Stakeholders opposed to a development on the East Coast have called on the government to rule out using proposed major projects legislation to approve the project.
In 2018 Cambria Green Agriculture and Tourism Management applied for 3000 ha of land near Swansea to be rezoned in order to facilitate future development.
Council approved the rezoning but their decision was overturned by the planning commission because the proponent could not prove they had permission from land owners to apply for rezoning.
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That decision is now in the Supreme Court but with only two weeks until Major Projects legislation is due to be tabled in the legislative assembly the Tasmanian Conservation Trust have called on the government to rule out using the legislation on the Cambria proposal.
TCT director Peter McGlone said it was important the government provide the assurance given the level of opposition.
"The Cambria proposal is stuck in the Supreme Court because of questions around the legitimacy of signatures and other evidence used on landowner consent documents," he said.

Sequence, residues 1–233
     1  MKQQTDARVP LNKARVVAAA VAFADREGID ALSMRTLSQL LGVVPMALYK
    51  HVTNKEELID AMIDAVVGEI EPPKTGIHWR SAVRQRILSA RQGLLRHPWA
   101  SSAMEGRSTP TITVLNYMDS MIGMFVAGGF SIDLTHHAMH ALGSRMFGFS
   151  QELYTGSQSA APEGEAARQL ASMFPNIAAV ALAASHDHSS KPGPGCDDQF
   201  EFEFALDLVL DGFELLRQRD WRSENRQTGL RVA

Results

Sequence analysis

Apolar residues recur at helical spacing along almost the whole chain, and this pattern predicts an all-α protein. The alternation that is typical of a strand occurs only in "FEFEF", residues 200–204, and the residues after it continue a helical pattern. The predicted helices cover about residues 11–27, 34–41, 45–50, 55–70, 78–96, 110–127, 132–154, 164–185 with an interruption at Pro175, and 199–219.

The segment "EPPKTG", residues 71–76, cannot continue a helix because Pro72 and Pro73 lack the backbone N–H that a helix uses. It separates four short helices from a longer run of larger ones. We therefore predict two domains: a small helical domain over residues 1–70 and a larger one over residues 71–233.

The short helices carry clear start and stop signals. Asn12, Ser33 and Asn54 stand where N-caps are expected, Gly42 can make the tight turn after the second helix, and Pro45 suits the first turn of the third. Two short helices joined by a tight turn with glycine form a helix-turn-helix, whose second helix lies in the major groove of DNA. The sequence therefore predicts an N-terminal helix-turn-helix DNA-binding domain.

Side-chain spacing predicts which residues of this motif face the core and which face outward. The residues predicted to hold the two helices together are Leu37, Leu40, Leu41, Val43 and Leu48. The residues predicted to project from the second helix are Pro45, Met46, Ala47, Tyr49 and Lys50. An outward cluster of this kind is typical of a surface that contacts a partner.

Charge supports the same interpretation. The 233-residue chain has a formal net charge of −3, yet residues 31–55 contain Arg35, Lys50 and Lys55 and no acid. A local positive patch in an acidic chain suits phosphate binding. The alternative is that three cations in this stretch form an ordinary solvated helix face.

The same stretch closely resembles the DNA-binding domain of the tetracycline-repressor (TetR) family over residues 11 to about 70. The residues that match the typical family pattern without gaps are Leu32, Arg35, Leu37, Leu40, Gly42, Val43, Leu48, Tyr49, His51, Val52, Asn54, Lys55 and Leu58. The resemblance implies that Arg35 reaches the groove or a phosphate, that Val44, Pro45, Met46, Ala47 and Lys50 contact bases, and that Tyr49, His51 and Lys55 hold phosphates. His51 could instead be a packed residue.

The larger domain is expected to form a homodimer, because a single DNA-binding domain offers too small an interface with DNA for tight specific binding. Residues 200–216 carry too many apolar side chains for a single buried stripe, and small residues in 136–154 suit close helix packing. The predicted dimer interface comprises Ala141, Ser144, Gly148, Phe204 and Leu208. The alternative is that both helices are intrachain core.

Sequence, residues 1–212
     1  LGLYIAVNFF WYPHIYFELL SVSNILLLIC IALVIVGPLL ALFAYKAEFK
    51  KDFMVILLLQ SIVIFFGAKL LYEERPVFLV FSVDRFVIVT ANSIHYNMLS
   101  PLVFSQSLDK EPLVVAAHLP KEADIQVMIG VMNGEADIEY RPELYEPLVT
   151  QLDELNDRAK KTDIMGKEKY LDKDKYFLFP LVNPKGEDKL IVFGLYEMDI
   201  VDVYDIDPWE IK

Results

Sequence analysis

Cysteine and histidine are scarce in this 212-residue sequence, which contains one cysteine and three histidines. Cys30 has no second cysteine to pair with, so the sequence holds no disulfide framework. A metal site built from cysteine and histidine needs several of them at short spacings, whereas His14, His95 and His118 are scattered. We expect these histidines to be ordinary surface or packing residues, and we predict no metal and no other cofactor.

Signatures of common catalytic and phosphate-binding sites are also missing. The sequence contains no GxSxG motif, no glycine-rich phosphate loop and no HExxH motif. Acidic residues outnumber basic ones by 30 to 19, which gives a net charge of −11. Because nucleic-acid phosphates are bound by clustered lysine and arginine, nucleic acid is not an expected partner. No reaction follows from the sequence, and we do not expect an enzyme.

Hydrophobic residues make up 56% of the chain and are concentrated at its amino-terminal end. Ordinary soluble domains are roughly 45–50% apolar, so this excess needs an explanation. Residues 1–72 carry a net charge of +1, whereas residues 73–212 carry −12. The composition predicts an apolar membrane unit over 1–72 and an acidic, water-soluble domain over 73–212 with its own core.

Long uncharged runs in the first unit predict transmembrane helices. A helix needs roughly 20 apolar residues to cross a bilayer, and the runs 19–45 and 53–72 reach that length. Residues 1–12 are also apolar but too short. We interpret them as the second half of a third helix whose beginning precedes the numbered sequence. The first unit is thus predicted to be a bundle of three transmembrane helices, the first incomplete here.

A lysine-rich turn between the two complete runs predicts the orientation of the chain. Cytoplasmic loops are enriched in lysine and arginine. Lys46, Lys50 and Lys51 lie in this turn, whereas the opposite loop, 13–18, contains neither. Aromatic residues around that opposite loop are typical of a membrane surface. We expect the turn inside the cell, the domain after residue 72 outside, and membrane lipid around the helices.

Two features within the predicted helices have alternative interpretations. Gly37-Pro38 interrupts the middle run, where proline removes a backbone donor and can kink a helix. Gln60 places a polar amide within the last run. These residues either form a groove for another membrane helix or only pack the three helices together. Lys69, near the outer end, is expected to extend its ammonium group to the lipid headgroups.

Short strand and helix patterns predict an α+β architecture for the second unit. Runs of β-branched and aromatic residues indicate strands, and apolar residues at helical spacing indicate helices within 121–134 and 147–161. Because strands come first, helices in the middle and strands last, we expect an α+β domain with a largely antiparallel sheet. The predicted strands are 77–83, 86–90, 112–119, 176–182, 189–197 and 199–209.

"If Cambria were declared a major project, it would solve the developer's problems overnight.
"The Major Projects Bill removes the hurdles that require a developer to demonstrate legitimate landowner consent."
"They've created a fast track for Cambria, a loophole that means Tasmanians might never find out who the real land owners are."
Anne Held from East Coast Alliance said they also wanted Minister to rule out using the legislation.
Planning Minister Roger Jaensch said the government had made it clear the major projects legislation would not provide fast-tracks.
He said any suggestion the legislation would be used to bypass normal processes to approve controversial proposals was wrong and misleading.
"All the Major Project legislation does is coordinate the assessment of projects that involve multiple approvals and are 'major' in terms of their impacts and contributions, strategic importance and complexity," Mr Jaensch said.
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